The IEU has a long and strong commitment to fair, safe and inclusive workplaces. This includes support for legislation, policy and practice in relation to Work Health and Safety, the Fair Work Act and anti-discrimination laws at national, state and territory levels. Our union has welcomed recent initiatives to include workplace psychosocial risks in WHS laws.
With a focus on safety and respect at work, the IEU supported Unions ACT in undertaking a research project about gendered violence in workplaces. Despite the challenges of COVID-19, the survey and data analysis went ahead, and the final report has been provided to participating unions, including the IEU.
Recommendations from the report call upon the ACT Government to:
- Consult with unions in developing amendments to the Work Health and Safety Act to improve regulations around gendered violence and psychosocial hazards through a positive duty to prevent gendered violence in the workplace.
- Request WorkSafe ACT to consult with unions to develop a code of practice for countering gendered workplace violence which encourages workplaces to take a prevention-focused approach.
- Provide funding for WorkSafe ACT to produce a Guidance Note and to run a campaign about gendered violence at work – this would educate workers on their rights and employers on their obligations, as well as improve access to support and reporting systems.
- Continue to incorporate workplace gendered violence as a key area for action and investment under any Territory framework to address violence against women or to improve work health and safety outcomes.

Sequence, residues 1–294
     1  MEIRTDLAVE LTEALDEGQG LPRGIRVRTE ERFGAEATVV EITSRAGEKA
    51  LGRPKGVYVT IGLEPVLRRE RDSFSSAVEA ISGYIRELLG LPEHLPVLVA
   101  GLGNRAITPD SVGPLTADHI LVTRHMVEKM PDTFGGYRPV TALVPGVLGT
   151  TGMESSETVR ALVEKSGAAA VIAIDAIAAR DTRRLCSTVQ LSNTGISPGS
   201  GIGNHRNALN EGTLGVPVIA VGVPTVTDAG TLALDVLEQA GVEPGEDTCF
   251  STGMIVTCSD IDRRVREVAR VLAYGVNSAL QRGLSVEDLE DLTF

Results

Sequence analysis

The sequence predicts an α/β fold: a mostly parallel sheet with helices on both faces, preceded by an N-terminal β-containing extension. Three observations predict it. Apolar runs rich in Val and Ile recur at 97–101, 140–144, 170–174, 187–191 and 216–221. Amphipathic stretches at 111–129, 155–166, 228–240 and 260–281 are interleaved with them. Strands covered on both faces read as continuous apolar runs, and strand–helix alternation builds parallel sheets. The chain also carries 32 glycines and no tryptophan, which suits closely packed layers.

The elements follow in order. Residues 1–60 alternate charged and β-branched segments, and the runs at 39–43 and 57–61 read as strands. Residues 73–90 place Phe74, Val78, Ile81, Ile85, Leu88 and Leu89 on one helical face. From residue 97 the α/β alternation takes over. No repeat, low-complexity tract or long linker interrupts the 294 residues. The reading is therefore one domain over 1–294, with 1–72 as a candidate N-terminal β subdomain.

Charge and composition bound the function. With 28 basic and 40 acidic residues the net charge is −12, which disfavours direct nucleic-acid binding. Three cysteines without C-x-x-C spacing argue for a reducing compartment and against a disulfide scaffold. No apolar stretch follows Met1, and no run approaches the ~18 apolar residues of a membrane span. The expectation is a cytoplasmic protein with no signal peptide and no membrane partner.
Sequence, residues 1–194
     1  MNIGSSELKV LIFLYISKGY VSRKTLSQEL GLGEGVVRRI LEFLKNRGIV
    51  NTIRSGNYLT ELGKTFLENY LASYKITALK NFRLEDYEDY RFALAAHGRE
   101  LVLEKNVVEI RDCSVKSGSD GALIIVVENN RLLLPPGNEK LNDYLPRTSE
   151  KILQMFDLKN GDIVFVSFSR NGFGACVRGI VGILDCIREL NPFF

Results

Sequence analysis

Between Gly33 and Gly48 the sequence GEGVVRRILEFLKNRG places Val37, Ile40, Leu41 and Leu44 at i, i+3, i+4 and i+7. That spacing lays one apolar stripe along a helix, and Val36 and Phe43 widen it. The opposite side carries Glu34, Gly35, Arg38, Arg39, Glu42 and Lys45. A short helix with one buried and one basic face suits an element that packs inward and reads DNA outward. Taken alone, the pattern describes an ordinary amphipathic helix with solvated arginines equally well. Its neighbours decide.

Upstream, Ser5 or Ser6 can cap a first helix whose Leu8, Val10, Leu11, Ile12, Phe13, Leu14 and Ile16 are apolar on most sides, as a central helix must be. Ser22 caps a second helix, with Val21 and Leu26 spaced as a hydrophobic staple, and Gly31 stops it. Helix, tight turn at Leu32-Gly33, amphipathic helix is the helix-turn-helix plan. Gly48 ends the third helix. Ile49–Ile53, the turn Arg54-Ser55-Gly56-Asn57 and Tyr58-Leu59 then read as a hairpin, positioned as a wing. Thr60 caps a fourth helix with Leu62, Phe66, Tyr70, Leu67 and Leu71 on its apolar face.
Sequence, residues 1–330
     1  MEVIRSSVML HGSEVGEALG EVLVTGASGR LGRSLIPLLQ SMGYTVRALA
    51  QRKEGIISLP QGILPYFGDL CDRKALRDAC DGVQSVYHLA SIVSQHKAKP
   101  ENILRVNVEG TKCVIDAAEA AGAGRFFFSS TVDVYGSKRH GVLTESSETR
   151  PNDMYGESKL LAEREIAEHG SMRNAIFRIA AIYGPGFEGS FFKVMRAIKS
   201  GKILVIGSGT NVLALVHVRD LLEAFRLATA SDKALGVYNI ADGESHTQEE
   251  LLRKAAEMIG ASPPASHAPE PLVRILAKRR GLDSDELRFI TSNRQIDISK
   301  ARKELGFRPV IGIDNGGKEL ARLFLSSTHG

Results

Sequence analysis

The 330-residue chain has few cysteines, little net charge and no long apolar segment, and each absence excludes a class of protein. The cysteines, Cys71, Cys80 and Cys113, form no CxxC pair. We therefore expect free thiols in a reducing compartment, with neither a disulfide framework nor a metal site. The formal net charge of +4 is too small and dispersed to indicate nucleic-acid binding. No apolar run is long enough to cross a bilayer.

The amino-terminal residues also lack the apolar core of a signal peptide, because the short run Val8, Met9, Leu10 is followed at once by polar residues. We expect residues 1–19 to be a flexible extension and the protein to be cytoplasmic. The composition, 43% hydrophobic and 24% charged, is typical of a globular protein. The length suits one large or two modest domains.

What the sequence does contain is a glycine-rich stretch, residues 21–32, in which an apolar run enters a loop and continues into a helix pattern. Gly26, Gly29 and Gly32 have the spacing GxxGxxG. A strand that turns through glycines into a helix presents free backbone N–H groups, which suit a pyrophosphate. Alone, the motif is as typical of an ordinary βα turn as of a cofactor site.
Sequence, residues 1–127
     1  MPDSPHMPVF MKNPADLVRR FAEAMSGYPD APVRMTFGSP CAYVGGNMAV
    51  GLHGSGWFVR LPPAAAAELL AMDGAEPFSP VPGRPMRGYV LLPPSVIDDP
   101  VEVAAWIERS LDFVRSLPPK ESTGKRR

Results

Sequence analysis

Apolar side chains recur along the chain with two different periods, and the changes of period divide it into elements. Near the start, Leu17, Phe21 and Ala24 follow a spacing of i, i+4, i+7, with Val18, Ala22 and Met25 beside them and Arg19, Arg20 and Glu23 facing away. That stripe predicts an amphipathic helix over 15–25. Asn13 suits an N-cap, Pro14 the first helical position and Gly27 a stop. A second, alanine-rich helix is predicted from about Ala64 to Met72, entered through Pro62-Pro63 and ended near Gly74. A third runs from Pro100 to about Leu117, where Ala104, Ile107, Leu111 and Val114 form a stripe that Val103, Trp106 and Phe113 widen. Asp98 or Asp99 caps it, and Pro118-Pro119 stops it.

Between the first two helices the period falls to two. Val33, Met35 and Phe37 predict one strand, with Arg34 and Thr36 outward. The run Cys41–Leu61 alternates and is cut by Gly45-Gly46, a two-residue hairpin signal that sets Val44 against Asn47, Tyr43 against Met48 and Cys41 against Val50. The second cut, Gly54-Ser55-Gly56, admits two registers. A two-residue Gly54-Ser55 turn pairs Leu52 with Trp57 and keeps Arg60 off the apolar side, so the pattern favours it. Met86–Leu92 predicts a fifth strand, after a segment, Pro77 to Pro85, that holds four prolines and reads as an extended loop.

- Fund workplace rights training, including information on workplace gendered violence in the secondary school curriculum, noting that many secondary students are already working in part time roles in retail and hospitality.
We appreciate the support of the IEU’s Canberra office and our members in the ACT in particular for this important initiative. “I really admire the women who ask the union for help in dealing with gendered violence issues through the employer complaints process,” IEU Organiser Berna Simpson said. “This way employers learn the impact that stalking, name calling, sexual innuendos, and or rude gestures has on workers.”
We will liaise with Unions ACT and other unions about implementing the report’s recommendations.
The IEU will also continue campaigning with the union movement for the Federal Government to implement fully the Australian Human Rights Commission’s Respect@Work Report and to ratify the International Labor Organisation’s Convention 190 on ending workplace harassment and violence.